Why a Credit Suisse takeover post-Archegos would need a very bold bidder

Five months ago, following the resignation of Sir António Horta-Osório as chair of Credit Suisse, I suggested it might be a good time for a predator to strike. Boy, was I wrong.

Since then the bank’s shares have fallen by more than a third as a series of profit warnings have followed the recent string of risk management disasters. Any potential buyer could now get one of the most famous names in global banking for a much lower price.

David Herro, whose Harris Associates has for years been a supportive shareholder, told Financial News he would now back a takeover at the right price.

His comment followed a report by a Swiss finance blog that giant US custodian and asset manager State Street was preparing a bid for Credit Suisse. State Street subsequently denied the report but Herro said he wouldn’t be surprised if State Street was looking “given the” low valuation of the business ”adding that“ perhaps others may be interested as well ”.

That sounds like an investor desperately hoping to salvage something from one of the worst bets of his otherwise very successful career.

But State Street seems a very unlikely buyer. True, it was reported to be one of the potential bidders for Credit Suisse’s asset management business when the Swiss group’s new chief executive Thomas Gottstein was reviewing the unit’s future. But it is hard to see what interest. State Street’s own shareholders would surely be nervous of it buying a good investment bank at the best of times, and Credit Suisse is a very challenged bank at a very difficult time.

By far the most plausible bidder would be Swiss rival UBS whose new chair, the highly regarded ex-Morgan Stanley veteran Colm Kelleher, might relish a dramatic coup at the start of his reign. Some bankers argue that the pair’s huge wealth management businesses could be combined without too serious a loss of clients and big cost savings could be generated from combining their investment banking businesses in Europe. Previous chair Axel Weber admitted UBS was underweight in investment banking in the US where Credit Suisse is much stronger.

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All this could be had for less than half Credit Suisse’s book value, assuming a 30% takeover premium to the current share price. But it would be a huge risk for Kelleher and newish chief executive Ralph Hamers. Or indeed any bidder.

In wealth management, Credit Suisse is more dependent than UBS on transactions by its clients who, unsurprisingly, have become more cautious in recent months. If the current market funk turns into something worse, things could get very sticky indeed.

In investment banking, Credit Suisse has been hurt by the loss of clients and dialling back of risk following the Greensill and Archegos disasters. Concerns about the chilling effect of these risk management debacles will only be heightened by the news that Credit Suisse has been added to the Financial Conduct Authority’s “watchlist” of firms in need of more supervision.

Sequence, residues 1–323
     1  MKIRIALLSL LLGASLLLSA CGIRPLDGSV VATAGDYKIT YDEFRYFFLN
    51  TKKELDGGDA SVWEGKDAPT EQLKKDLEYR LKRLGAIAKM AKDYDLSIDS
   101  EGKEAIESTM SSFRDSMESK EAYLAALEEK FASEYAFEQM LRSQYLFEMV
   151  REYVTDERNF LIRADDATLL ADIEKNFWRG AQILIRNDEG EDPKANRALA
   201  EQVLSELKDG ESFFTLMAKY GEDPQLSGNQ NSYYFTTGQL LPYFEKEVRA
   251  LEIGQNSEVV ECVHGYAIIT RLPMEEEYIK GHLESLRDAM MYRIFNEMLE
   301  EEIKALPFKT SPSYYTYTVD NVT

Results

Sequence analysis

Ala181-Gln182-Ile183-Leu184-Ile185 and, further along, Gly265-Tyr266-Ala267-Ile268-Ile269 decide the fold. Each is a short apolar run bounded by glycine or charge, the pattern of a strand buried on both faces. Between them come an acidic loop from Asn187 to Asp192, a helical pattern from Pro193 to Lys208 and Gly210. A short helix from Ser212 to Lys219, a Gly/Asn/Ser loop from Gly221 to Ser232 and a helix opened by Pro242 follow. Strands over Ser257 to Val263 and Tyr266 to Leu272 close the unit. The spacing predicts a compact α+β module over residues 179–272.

According to a letter to the bank in May, seen by the Financial TimesCredit Suisse closed most of its prime services division, which lends to and executes transactions for hedge funds, after it was hit by a. But FCA officials said they had not yet seen enough evidence of “effective remediation”. This is hardly what ambitious bankers or their clients want to hear.

Admittedly, this would be more of a competitive problem in buoyant market conditions. As one insider says, the loss of senior staff has slowed sharply as the slump in capital markets activity has prompted other banks to stop poaching.

Investment banking franchises are surprisingly resilient, as Deutsche Bank has demonstrated. And a takeover by a stronger rival might be able to stem the cycle of poor performance leading to cuts and reduced risk-taking, leading to more poor performance, leading to more cuts.

But given the very high level of economic uncertainty, not least the impact of slowing Chinese growth on Credit Suisse’s important Asian business, and the material risk of a nasty market downturn, it would be a very bold bidder that would take on Credit Suisse now. Although the share price is a third lower, this could prove an even worse time to strike than in January.

While questions remain about Gottstein’s leadership, it seems probable that the current management will get a bit more time to demonstrate whether they can turn things around. Perhaps Herro’s clear hopes of a bid will materialise. But the likelihood is that he will have to be very patient to get much of his money back.

To contact the author of this story with feedback or news, email David Wighton